The new home garden

June 2020

Several generations have passed since eating home-grown produce was the norm. My mother grew up on a farm, enjoying all organic food, fresh from the garden, or in winter, selected from the jewel-toned jars lining shelves in the basement cold-room. As an adult she went on to supplement her own family’s diet with produce from her own small garden. Canning was unnecessary, as the local grocery store was a block away and had a wide variety of fresh (if inferior) produce in the winter months. While my child-self enjoyed the harvest, (sweet steamed baby carrots with a gloss of melted butter…so delicious!),

I was not interested in learning to garden. As a young adult, I gardened when prepared land was available, and my thrifty soul rejoiced in free food. Later still, finally settled in one location for more than a year or two, I started again, developing raised gardens. Our harvests were hit and miss as I learned from my mistakes. We enjoyed abundant feeds of string beans; I grieved over promising kale and swiss chard destroyed by garden pests. Zucchinis grew to enormous sizes when I neglected my harvest for what seemed only a day or two.

Then one year, I focused on the one existing flower bed in the front yard. A mostly dead shrub shared the space with a few orange daylilies and the odd tulip. Ten years later, I have five flower beds in the front yard, and six in the back. Last year I grew no veggies at all.

I needed the room for the flowers! Why waste perfectly good garden space on veggies that I could buy (sans bugs!) what I needed at the grocery store? I needed to feed my soul! Some beds I dug down, using a double digging technique and mixing in lots of compost. Others I built up using a layering technique of vegetable peels and coffee grounds, sawdust and shredded dead leaves, paper and cardboard. There was so much to learn! So many good gardening books in the library to study! Life was lived outside, and family, friends and neighbors were blessed with sweet evening scents, the sight of butterflies dancing and bees buzzing. A rainbow of colours came and went each summer, as the daffodils and tulips passed into the season of peonies and lilies, which then gave up the stage to the asters and coneflowers.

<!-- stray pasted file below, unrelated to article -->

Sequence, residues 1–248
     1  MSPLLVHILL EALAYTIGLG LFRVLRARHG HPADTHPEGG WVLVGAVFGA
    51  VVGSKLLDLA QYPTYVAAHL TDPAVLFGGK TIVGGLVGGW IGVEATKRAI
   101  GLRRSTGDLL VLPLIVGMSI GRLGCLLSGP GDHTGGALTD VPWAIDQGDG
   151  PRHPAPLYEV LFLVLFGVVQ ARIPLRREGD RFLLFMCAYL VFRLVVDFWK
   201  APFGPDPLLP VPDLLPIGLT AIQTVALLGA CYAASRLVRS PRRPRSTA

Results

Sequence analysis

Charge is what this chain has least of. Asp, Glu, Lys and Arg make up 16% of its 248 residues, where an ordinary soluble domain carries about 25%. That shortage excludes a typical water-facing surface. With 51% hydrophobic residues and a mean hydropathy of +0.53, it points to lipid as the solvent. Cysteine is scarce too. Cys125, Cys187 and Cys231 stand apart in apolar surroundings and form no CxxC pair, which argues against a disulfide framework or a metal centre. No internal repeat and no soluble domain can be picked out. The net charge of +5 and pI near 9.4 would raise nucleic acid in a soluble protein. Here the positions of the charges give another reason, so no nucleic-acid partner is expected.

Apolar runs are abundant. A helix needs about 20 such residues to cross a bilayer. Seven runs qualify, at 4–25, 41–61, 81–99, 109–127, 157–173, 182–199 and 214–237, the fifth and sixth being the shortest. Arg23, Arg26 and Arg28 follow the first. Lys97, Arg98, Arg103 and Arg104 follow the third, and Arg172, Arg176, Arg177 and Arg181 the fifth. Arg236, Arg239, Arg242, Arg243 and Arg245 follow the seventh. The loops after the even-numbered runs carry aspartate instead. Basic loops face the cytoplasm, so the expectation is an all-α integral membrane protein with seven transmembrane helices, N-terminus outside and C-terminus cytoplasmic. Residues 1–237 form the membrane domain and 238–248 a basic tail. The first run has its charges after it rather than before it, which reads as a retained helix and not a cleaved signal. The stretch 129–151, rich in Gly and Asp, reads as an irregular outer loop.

Then came the spring of 2020, which we like to refer to as “20/20”. This clearer vision let us see that food security is not guaranteed. We are frightened by store freezers with empty shelves. The produce department has more empty bins than we’ve seen before, and we learn to plan meals around what’s available. We begin to think that growing a few vegetables at home might be a good idea.

Maybe I should give some of my flower space back to carrots and beets. Do I need to decide between vegetables or flowers? While one feeds the belly, the other feeds the soul. I think the women of generations past had the right idea with their cottage gardens – enclose an area (for them it was usually out the front door) and fill it with a mix of vegetables, flowers and herbs. They can benefit each other. Marigolds, for example, deter deer and harmful garden pests, and attract beneficial insects. Herbs that taste delicious with a certain vegetable sometimes actually help it to thrive (think tomatoes and basil)!

For those of you considering gardening for the first time, know that results will vary according to your knowledge of how gardens and plants work. Thankfully, we are blessed with several local Facebook groups in which experienced gardeners are ready to share their wisdom and dispense advice. We have a group of Master gardeners who volunteer their time and expertise. You may have an older friend or relative who still can’t figure out email, but who can garden circles around you. There are many ways to learn to produce an abundant harvest.

Learning to garden is a win-win. If we need that extra home-grown food, it is there. If not, we have the choice of fresher, tastier organic fruits, vegetables and herbs to delight our palates and nourish our bodies. Don’t forget to plant some flowers too, to cheer your heart and bring extra joy to life!

Kim Kilgour is a wife, mother of three, retired dental hygienist and gardening enthusiast.

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